When a murder goes unsolved, it causes a breakdown between law enforcement and the surviving family of the victim. The public often scrutinizes police agencies for failing to ensure that justice is served and law enforcement is left scrambling to explain to grieving families why they don’t have the answers. In recent years, many police agencies and private organizations have sought out creative means to generate more leads in cold cases, hoping they will receive that one tip that could potentially blow an entire case wide open.

In one of these creative ventures, the State of Connecticut has reported that they have seen wild success with a series of playing cards sold exclusively through state-run correctional facilities. With each card featuring a photo of a victim along with a brief synopsis of their case, the theory behind them is that by exposing inmates within the prison system to unsolved cases there is a greater likelihood that they may trigger a memory that could be invaluable to solving these cases.


Since introducing the cards, which are now on their fourth series, the State of Connecticut’s Department of Criminal Justice reports that there have been arrests or convictions in 20 of the cases featured on the cards and have generated 675 tips since the decks were introduced. These cards are of no cost to the taxpayer and prisoners purchase them with their own money, with all proceeds going towards producing additional decks.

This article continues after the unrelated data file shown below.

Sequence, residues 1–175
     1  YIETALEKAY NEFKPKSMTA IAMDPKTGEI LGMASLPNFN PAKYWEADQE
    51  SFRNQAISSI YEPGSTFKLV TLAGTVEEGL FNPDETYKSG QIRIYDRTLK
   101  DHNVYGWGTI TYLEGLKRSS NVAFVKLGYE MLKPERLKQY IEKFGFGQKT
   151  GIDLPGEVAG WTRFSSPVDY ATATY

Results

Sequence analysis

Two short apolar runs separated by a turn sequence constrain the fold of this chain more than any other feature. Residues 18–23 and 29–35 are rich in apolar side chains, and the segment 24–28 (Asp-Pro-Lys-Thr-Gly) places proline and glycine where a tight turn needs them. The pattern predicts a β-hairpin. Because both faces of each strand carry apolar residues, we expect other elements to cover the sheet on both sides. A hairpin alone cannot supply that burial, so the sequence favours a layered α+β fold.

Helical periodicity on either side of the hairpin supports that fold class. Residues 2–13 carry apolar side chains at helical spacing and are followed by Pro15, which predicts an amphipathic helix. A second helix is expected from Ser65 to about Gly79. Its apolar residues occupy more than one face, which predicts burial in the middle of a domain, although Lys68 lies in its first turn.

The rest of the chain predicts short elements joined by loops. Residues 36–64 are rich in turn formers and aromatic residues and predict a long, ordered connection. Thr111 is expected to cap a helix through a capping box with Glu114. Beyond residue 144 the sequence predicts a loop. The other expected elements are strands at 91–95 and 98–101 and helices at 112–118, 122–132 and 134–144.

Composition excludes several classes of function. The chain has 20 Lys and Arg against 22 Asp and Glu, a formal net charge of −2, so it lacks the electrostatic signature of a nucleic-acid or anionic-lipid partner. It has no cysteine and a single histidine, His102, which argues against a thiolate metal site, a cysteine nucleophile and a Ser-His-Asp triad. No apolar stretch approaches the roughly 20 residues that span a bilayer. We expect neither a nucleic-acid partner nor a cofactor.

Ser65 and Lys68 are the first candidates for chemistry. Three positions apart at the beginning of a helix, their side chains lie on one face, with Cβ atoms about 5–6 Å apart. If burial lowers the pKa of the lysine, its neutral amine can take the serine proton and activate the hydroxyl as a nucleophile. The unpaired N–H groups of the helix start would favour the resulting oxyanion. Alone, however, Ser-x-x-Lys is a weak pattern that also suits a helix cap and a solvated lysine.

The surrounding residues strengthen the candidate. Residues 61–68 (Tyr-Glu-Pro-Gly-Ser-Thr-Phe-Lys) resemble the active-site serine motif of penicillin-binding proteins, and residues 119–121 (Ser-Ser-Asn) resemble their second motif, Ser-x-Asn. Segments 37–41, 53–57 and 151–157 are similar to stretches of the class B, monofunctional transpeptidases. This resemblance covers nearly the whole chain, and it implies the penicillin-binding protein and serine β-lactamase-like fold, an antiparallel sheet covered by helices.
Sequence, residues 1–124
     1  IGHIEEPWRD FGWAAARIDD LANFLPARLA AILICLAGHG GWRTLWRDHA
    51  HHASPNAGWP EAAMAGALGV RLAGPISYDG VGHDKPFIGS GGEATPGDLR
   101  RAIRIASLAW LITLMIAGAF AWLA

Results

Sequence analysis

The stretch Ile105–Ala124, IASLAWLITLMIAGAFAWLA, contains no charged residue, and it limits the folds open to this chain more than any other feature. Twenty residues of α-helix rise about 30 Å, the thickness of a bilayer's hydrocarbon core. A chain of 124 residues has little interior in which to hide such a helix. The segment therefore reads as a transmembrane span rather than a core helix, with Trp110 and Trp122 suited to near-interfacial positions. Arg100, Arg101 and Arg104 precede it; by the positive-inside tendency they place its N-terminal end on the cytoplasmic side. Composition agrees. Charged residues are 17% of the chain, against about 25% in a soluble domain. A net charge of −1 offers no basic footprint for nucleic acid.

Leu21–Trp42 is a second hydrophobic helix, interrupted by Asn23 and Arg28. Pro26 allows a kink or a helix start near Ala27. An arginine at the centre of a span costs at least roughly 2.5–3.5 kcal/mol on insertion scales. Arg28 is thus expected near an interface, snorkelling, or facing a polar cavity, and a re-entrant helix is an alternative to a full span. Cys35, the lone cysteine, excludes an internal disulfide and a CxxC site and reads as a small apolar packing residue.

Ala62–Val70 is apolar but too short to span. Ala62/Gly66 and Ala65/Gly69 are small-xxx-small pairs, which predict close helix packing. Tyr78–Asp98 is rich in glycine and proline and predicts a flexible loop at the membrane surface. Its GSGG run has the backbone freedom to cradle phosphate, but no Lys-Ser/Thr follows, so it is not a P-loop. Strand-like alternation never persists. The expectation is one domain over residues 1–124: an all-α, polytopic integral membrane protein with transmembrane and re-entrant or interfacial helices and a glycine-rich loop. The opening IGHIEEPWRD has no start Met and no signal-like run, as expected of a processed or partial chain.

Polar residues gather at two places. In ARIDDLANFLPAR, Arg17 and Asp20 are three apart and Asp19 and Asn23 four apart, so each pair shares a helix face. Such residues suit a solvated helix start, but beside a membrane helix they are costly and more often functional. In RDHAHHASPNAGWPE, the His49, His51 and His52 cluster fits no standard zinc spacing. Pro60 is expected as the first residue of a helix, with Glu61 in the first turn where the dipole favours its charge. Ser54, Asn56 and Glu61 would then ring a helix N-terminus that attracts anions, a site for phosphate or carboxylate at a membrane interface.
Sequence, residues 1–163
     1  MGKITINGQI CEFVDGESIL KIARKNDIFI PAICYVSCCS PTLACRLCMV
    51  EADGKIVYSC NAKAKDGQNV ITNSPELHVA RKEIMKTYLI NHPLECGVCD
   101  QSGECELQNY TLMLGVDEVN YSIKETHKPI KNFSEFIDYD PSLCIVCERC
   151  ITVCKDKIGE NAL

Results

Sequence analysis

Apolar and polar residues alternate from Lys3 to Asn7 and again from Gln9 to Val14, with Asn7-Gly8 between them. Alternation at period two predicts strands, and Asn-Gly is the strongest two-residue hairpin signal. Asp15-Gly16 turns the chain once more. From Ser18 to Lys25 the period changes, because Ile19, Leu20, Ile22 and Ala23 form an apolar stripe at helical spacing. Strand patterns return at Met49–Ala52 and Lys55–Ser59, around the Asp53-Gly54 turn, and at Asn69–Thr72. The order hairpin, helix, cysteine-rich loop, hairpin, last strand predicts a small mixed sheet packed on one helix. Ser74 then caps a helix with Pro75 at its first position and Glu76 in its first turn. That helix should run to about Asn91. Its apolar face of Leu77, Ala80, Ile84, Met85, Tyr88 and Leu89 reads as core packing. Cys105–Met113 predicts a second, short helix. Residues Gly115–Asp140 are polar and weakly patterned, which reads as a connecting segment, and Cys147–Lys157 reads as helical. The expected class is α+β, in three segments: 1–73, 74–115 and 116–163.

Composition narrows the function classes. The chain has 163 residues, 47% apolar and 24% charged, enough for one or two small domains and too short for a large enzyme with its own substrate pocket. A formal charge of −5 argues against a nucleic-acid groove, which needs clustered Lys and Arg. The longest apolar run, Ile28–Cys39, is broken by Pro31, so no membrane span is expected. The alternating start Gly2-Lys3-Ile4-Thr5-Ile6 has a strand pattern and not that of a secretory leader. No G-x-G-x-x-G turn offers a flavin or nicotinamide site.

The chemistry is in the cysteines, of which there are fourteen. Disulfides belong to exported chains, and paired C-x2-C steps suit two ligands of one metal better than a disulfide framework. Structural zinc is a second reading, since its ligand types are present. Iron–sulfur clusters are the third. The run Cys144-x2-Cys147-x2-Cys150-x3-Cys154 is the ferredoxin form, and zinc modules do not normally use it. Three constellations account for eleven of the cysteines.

The latest arrest attributed to the cards was of 30-year-old Ibo Boone of Waterbury. Police received enough leads generated by the playing cards that they were able to connect Boone to the 2010 shooting death of a 21-year-old Norwalk man, Michael “Mizzy” Robinson. Police believe that the shooting had been connected to street gangs in the area.


In a statement after Boone’s arrest, Norwalk Police Chief Thomas Kulhawik told reporters, “While a case may be considered ‘cold,’ it is never closed. I wish to thank all who worked so diligently on this investigation and to reaffirm our commitment to work to bring some sense of closure to families who have lost loved ones.”